MEPs look to target broadcasters, not viewers, over illegal sports content

In their latest bid to stem the high tide of pirated live sporting events, MEPs are looking at a raft of new rules that would target what they describe as “professional illegal broadcasters”, and not people in their homes

Numerous Europe-wide clampdowns on illegal broadcasting do not yet appear to have had the desired effect, at least not when it comes to live sports, and MEPs are now looking for new ways to put an end to the trade once and for all.

In their latest bid to stem the high tide of pirated live sporting events, MEPs are looking at a raft of new rules that would target what they describe as “professional illegal broadcasters”, and not people in their homes who are often unaware they are viewing what is, essentially, illegal content online.

A committee report approved by MEPs on Tuesday, which will be voted upon during the May plenary session, calls on European Commission to propose concrete measures adapted specifically for live sporting events. Such measures, MEPs have urged, need to provide for the immediate removal of illegal content, without blocking the legal live broadcast.

When content is deemed illegal and requiring removal from the airwaves, such action needs to be taken as soon as a notice to such effect is received, and no later than 30 minutes after the start of the event.

The 30-minute threshold is deemed necessary because live sports have a time-limited economic value, the actual duration of the event, which means the window for action against piracy is small.

The new rules should not, however, apply to live in-venue content, or to footage captured by a members of a crowd  as, according to MEPs, this does not infringe upon anyone’s any rights and is an “integral part of fan culture”.

MEPs have noted how live sporting broadcasts are often transmitted online illegally by “dedicated professional websites, whose business model is based on subscription fees or advertising”. The fact that 80 per cent of revenue earned by the owners of rights comes from live broadcasts, which are not protected in the same way that recorded broadcasts are, has left something of a legal lacuna between recorded and live events.

MEPs are of the belief that illegally broadcasting live sporting events infringe on intellectual property rights and could present a security risk for viewers, who could be exposed to malware or data theft, including credit card fraud.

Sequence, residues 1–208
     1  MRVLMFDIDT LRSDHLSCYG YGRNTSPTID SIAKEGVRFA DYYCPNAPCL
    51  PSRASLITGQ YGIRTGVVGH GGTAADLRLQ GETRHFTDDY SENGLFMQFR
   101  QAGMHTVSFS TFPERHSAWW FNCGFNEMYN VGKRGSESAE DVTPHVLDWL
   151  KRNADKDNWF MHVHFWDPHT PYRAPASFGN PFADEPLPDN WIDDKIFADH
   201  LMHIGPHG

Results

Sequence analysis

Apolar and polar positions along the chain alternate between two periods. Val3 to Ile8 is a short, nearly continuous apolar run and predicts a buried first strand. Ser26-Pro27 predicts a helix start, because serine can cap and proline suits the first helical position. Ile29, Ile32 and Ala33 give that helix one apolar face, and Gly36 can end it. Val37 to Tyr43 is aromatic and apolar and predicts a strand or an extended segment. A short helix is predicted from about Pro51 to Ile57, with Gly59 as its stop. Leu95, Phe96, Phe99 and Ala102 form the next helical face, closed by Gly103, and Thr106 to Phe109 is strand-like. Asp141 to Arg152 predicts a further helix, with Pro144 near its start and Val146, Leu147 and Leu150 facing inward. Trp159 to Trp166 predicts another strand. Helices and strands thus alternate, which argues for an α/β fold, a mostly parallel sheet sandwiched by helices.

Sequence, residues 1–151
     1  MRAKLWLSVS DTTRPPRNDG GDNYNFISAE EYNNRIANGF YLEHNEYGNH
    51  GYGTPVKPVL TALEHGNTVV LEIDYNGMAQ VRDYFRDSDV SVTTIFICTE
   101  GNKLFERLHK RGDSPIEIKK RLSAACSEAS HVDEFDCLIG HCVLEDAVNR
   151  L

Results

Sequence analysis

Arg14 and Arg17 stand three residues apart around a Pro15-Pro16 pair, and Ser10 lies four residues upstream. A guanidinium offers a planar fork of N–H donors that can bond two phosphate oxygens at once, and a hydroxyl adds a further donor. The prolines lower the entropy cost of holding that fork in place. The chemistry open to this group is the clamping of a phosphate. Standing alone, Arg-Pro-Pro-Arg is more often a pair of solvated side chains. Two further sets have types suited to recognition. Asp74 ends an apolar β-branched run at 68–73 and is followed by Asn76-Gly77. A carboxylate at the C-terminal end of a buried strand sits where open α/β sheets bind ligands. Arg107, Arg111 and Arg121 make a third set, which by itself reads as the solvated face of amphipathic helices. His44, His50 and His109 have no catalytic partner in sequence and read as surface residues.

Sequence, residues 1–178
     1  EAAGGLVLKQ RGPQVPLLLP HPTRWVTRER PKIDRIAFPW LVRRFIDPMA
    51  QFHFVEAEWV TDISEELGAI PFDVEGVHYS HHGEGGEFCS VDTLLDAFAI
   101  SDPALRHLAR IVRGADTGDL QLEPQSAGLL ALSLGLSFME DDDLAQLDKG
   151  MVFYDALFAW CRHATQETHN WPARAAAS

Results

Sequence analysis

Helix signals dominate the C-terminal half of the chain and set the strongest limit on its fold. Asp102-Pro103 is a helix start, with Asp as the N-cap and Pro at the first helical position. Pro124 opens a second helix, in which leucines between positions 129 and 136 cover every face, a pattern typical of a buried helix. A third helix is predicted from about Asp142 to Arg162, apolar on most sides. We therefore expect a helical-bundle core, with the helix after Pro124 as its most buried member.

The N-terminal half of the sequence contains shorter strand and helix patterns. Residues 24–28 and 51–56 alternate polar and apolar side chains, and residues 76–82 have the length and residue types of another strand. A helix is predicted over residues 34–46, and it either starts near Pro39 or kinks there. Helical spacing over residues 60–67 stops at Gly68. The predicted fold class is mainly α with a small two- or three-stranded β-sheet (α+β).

The problem is that sporting events do not automatically qualify for copyright protection.  That is because as they are not a ‘work’ as defined by EU copyright law, although the actual recording of a sports event is protected.  In fact, some countries have introduced specific rules covering live broadcasts, but they are not harmonised at EU level.

As matters currently stand, procedures against live streaming piracy are lengthy and not immediately applicable.  As such, MEPs contend they are severely lacking in efficacy, with the EP’s legal affairs committee advising the best remedy would be the immediate termination of an unauthorised broadcast.

MEPs have, however, made it clear that there is to be no witch hunt for illegal broadcasters.  In fact, the report highlights how measures should only target illegal content so as not lead to arbitrary or excessive blocking of legal content.

The report stipulates that, “They should be proportionate, in particular for small businesses, SMEs and start-ups and allow for access to judicial remedies, including protection of fundamental rights and personal data.”

The EP’s Legal Affairs Committee chair Adrián Vázquez Lázara (Renew, Spain) explains how the specific aim is to "tackle those thousands and thousands of illegal broadcasters [who] get the signal from different sporting events across Europe and broadcast it illegally."

Moreover, since sports clubs can't currently sell tickets due to Covid restrictions, “we have to protect the only income they have left, which is the TV rights”.

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